What are some of your gardening lessons learned?
18 thoughts on “7 Lessons Learned My First Year of Gardening”
Bigger isn’t necessarily better. Pick beans, zucchini, eggplant, kohlrabi, and cucumbers small. It can be hard to keep up, but you gotta do it.
Good lesson! So true!
It wouldn’t be fun if we didn’t learn something from it.
I wish I could plant arugula and things but there are too many animals up here to deal with and to put a fence it is too rocky to dig down for a fence low enough in the ground.
I’m sorry the animals are cramping your veggie gardening efforts. I’m right there with ya. I have to keep all our flowers up high on our deck because otherwise the deer would come by and treat my yard like a salad bar.
That was good one it made me laugh they would do the same herer. Read my spring fever post from last night.
This made me chuckle – your experiences were so much like mine!
I would also add, listen to your neighbors – when they say broccoli does not grow well in Iowa’s heat, do not go ahead and plant broccoli 🙂
Yes, I made sure to listen to my fellow gardeners’ advice – especially my dad and sister. But sometimes you just have to find out for yourself – even if they were right all along! LOL Thanks for coming by and commenting
Never. Ever. Ever. Plant more than 2 zucchini plants. ‘Nuff said. We are STILL EATING zucchini from last season! And always plant more tomatoes than you think you need…they preserve well (drying, canning, freezing puree) and you can never have enough! Besides, unlike zucchini, your co-workers will always welcome extra tomatoes. 🙂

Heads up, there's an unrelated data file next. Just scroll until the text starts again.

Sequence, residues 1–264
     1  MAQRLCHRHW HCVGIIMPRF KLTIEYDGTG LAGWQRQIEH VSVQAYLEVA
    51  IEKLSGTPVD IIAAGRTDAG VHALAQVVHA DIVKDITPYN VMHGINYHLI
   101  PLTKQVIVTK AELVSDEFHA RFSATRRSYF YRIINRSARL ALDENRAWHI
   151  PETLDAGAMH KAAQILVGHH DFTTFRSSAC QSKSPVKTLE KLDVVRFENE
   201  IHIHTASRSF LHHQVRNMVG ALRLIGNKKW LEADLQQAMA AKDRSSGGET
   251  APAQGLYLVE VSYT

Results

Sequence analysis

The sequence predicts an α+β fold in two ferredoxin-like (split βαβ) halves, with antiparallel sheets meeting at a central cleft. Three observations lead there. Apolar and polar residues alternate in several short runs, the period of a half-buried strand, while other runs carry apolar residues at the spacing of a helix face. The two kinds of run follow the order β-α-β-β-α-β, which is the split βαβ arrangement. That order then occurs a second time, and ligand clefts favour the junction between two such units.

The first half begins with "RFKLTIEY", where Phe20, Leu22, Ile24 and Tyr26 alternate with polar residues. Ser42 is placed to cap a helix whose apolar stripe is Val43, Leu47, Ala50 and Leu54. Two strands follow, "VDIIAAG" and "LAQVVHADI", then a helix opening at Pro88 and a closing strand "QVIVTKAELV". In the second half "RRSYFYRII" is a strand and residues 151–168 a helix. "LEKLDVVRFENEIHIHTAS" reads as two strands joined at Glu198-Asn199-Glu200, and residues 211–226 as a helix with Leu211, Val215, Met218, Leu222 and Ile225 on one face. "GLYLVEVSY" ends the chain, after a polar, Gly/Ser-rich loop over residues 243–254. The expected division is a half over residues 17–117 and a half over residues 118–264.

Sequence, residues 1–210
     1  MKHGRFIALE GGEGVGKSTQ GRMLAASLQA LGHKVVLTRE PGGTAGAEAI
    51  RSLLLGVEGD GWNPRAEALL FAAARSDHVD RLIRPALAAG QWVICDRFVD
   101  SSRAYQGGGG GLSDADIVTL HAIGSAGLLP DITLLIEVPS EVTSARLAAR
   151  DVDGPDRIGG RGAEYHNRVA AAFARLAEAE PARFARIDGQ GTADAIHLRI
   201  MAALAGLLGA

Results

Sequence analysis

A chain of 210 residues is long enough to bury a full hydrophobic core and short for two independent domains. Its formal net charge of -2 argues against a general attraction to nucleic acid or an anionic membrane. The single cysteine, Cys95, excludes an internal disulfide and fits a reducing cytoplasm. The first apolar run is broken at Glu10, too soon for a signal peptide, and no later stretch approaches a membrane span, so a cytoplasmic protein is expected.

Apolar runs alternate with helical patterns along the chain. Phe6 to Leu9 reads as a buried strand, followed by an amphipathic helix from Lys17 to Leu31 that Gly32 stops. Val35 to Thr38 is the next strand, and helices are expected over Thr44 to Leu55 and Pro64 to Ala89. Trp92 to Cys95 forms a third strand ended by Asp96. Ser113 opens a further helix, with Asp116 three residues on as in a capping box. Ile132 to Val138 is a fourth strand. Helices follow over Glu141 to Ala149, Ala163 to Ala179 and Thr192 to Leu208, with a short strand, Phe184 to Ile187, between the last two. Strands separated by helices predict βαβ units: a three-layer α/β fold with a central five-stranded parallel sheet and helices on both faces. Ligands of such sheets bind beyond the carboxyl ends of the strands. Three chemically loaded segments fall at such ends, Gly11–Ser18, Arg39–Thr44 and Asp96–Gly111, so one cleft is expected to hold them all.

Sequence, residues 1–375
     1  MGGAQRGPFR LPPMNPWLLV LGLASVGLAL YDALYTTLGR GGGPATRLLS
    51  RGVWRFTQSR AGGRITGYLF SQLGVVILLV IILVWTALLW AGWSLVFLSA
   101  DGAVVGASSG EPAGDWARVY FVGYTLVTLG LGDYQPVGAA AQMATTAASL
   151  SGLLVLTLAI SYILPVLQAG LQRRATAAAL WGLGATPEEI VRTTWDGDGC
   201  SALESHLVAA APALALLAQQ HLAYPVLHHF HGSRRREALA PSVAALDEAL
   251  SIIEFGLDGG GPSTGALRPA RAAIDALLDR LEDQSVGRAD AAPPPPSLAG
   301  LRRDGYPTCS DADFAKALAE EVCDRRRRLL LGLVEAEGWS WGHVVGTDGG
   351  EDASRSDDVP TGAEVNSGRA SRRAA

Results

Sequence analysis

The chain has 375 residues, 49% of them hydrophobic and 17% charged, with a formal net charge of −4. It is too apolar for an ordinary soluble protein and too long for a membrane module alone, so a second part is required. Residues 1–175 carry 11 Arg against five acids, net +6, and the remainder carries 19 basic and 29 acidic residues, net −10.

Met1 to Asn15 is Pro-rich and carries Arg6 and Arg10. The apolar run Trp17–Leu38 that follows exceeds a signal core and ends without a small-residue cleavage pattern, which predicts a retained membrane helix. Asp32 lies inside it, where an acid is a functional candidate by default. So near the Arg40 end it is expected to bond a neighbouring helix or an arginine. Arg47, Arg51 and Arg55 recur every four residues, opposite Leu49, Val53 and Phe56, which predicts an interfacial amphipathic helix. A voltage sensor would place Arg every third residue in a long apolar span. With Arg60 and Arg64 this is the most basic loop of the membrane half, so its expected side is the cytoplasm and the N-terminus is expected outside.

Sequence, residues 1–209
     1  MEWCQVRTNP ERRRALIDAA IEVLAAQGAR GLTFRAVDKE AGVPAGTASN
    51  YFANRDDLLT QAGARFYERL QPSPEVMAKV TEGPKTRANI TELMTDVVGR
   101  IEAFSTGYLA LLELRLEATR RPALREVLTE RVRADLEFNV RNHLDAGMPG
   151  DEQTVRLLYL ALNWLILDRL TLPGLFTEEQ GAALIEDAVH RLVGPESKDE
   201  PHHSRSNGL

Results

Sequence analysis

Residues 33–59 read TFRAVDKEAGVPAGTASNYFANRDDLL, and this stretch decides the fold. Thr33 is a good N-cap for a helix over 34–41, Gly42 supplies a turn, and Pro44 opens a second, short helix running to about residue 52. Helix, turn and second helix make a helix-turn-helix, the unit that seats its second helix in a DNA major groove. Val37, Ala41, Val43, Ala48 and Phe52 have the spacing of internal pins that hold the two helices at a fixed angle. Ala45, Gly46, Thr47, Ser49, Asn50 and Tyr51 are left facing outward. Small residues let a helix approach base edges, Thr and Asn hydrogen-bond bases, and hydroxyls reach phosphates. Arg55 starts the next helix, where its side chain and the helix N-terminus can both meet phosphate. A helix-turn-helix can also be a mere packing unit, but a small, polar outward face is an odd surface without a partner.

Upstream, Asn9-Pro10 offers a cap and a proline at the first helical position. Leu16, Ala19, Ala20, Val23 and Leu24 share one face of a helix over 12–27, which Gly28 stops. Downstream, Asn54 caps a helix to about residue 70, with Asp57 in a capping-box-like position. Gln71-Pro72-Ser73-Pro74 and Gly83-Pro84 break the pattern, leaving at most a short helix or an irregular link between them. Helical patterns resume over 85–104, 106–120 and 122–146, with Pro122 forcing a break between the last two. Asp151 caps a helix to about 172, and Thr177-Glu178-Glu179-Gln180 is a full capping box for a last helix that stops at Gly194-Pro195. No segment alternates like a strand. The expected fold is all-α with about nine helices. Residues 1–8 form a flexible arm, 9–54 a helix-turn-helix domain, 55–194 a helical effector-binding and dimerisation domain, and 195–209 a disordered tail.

And when they say peas and broccoli are cool season crops, they mean it. Plant early, even if you have to plant it with a scarf and hat on!
Amen to that! You can only make so much zucchini bread. LOL I’m taking notes on all these lessons others have learned! Thanks for commenting.
I second Jens comment about the zucchini. also I have tried different methods for what to grow tomatoes on and I have very sturdy hog gates that we bent that they grow on now and are working really well.
We’re trying a new cage with our container tomatoes this year. Hope it holds up! Thanks for commenting!
I love this! I want to plant jalopenos now! I eat so many of those!
We love jalapenos too! Now I’m craving nachos….
I was going to post a zuchinni warning, but I see that’s been done. (I planted one last year, and it turned my mailbox into the Little Shop of Horrors. That doesn’t mean I won’t plant one again this year–I’ll just choose its location a little differently.)
Thanks for educating us! We learn by growing, don’t we? 🙂
We sure do! I learn a new gardening lesson just about every day, it seems!
Funny, one of our lessons from our first year of gardening last summer was “grow LESS green beans.” We totally maxed out on the beans. And we had a lot of interest in our garden as well, including a city worker who kept wanting to buy my tomatoes and peppers, and couldn’t believe that us gringos really ate jalapenos and habaneros.
Less beans will probably end up being our lesson for this year. LOL